The other review focuses on the never-advance potential of a 4/3 agenda. I've been looking at Vulnerabilty Audit from a different point of view, though: from the point of view of a deck that scores it "normally" (IA, AAA score).
5/3 agendas are typically only played if they can protect themselves somehow. We have a few forms of protection:
Self-protecting 5/3s are played all over the place nowadays, because some of them are really good; however, agendas that protect themselves in the centrals are often played in kill decks (which aren't looking to score), and agendas that protect themselves while installed are often played in glacier decks (which have well-protected centrals and where the Runner might be looking to make a few pinpoint runs to raid your scoring remote).
Vulnerability Audit is not, of course, a self-protecting 5/3; it doesn't have any text that protects itself, and it isn't a 5/3. However, in practice, it plays a lot like a City Works Project. The reason is that when you install it and advance it, unlike a 5/3, you have an extra click (and less importantly, an extra credit) left over, and you can use that click to, e.g. play an operation. In other words, the agenda doesn't protect itself when installed; but it buys time for you to protect it when it's installed, by taking one click less to advance into scoring range.
For example, a good combo is with NAPD Cordon. A Bellona costs 5 to steal, and is generally considered to be one of the better agendas at protecting itself. If you install and advance a Vulnerability Audit, and play NAPD Cordon, your freshly installed agenda is now going to cost 6 to steal, and as a bonus any agendas the Runner may access in your central servers will cost 4 to steal. Bellona is a good card; but if you are running NAPD Cordon (and can protect HQ to stop the runner trashing it), Vulnerability Audit compares favourably.
Similar considerations apply to other lockdown cards, e.g. combining Vulnerability Audit with Argus Crackdown gives you most of a City Works Project, while Hyoubu Precog Manifold gives you a Future Perfect that works while installed rather than while uninstalled.
Vulnerability Audit has more flexibility than that, though. Say you're playing a hybrid rush/glacier deck (which I suspect is the best place to play this agenda), and get a Vulnerability Audit in your opening hand, together with a Vanilla or similarly cheap piece of gearcheck ICE. If it had been a 5/3, you would have had to leave it in your hand, and either ICE HQ in order to prevent it being stolen (slowing down your gameplan), or else ICE a remote and hope it doesn't get stolen before you can score it, or else ICE a remote and park it unadvanced in the remote and hope the Runner doesn't find a way in in the next two turns and you don't draw a second agenda before then. With a 4/3, you can simply install, ICE it, advance, and be in position to score it next turn. 5/3s are normally unplayable in rush decks, but 4/3s can hold their own; that one extra click you get means that you aren't losing tempo.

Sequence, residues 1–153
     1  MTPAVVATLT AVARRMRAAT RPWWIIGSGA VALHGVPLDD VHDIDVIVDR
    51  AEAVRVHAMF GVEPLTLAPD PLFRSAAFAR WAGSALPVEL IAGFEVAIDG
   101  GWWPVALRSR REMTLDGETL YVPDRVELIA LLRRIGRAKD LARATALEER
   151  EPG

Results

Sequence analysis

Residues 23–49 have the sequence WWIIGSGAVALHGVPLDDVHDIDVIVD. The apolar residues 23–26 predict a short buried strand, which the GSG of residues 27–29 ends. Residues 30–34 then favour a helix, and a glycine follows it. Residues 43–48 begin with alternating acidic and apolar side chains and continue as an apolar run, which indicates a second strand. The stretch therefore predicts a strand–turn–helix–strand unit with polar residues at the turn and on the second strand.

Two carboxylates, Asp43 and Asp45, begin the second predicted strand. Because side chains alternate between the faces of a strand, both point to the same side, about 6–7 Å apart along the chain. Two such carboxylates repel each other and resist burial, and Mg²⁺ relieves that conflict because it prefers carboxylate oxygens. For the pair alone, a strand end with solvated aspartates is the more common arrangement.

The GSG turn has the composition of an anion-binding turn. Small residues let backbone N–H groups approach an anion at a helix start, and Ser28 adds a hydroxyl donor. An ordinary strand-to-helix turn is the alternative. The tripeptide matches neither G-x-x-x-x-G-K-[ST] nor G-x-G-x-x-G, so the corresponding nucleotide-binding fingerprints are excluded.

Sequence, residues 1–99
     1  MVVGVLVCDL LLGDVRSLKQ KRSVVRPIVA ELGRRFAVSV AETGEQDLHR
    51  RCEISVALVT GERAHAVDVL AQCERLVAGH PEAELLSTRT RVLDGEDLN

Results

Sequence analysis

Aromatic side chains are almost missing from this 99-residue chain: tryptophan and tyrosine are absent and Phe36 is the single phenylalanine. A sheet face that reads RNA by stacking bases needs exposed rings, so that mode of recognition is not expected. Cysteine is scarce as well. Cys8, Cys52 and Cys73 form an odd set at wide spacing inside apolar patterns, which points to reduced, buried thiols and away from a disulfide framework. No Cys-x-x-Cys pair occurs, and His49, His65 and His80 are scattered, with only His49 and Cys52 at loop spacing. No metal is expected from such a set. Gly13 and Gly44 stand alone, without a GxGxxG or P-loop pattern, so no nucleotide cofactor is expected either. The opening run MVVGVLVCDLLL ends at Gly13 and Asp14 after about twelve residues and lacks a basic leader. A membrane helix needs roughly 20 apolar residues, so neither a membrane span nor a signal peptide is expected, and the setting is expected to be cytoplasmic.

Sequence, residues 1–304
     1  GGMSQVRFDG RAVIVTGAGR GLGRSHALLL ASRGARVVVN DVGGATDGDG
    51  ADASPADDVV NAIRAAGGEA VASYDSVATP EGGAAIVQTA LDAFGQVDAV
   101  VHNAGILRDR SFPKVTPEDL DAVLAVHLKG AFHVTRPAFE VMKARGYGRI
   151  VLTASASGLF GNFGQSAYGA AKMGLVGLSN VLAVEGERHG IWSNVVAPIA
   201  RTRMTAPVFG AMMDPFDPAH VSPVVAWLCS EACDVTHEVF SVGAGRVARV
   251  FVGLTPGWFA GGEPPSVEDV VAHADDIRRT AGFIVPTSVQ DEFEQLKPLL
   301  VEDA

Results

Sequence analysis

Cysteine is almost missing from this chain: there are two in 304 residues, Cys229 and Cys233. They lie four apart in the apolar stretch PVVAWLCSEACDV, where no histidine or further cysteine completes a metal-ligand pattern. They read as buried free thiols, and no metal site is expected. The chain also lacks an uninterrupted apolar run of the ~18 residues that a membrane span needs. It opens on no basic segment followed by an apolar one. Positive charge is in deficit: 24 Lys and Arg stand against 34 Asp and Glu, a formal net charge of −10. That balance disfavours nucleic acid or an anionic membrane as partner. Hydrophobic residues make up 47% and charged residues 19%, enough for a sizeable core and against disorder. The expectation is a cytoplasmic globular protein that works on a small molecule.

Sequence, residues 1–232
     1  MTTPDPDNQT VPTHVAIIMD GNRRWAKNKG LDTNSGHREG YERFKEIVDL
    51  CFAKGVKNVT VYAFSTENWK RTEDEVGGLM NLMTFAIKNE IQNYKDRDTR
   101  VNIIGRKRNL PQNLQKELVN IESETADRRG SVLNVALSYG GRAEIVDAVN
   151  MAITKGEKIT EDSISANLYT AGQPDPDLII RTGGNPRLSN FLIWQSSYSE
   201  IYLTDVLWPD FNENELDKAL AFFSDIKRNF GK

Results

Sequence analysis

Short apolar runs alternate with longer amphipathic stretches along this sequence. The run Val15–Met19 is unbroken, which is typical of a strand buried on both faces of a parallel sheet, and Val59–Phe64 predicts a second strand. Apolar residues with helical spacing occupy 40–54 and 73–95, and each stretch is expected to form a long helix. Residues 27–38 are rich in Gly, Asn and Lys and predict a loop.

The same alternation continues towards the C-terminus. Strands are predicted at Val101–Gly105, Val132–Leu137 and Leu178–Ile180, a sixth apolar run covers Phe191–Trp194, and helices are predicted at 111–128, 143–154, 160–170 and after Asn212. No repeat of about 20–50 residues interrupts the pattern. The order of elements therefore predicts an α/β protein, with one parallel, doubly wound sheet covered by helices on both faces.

Or, perhaps, say you're playing the same deck, but draw your 4/3 a little later in the game; you now have plenty of ICE protecting your scoring server, but can't afford to rez it. A spare click to play an economy operation can make all the difference between having to leave it vulnerable in HQ, or having to give the Runner two turns to steal it from the remote (or one but with insufficient ICE).
This card does have one huge downside, though: it does absolutely nothing to protect itself when it's sitting uninstalled in a central server, so you're running the risk of having 3 points stolen with no compensation. In my experience, if your deck is fast enough, this doesn't matter that much; the Runner will get a few agenda snipes but you will still win first. It does somewhat narrow the decks that you can put your Vulnerability Audit in, though.
(It also costs a dot of influence, but that's minor by comparison, and expected among neutral agendas like Global Food Initiative or Vanity Project that reduce your agenda density. This is a three-point agenda, after all, and thus the mere act of putting it in your deck will open up deck slots. Being able to pack in additional in-faction and neutral cards is often a good trade-off for being able to run fewer out-of-faction cards.)
In conclusion, Vulnerability Audit is an agenda for "fast glacier decks" or glacier/rush hybrid decks, that aim to score out before the Runner can consistently break their ICE, and run lockdowns and similar cards in order to protect their 4/x agendas and open scoring windows through the midgame. It doesn't directly protect itself, but it does buy you the time needed to protect it some other way via saving time advancing it. Just be aware that it will weaken your central servers considerably, and you will need either the ICE to keep the Runner out of them, or else the speed to score out despite having your agendas sniped, in order to make that drawback manageable.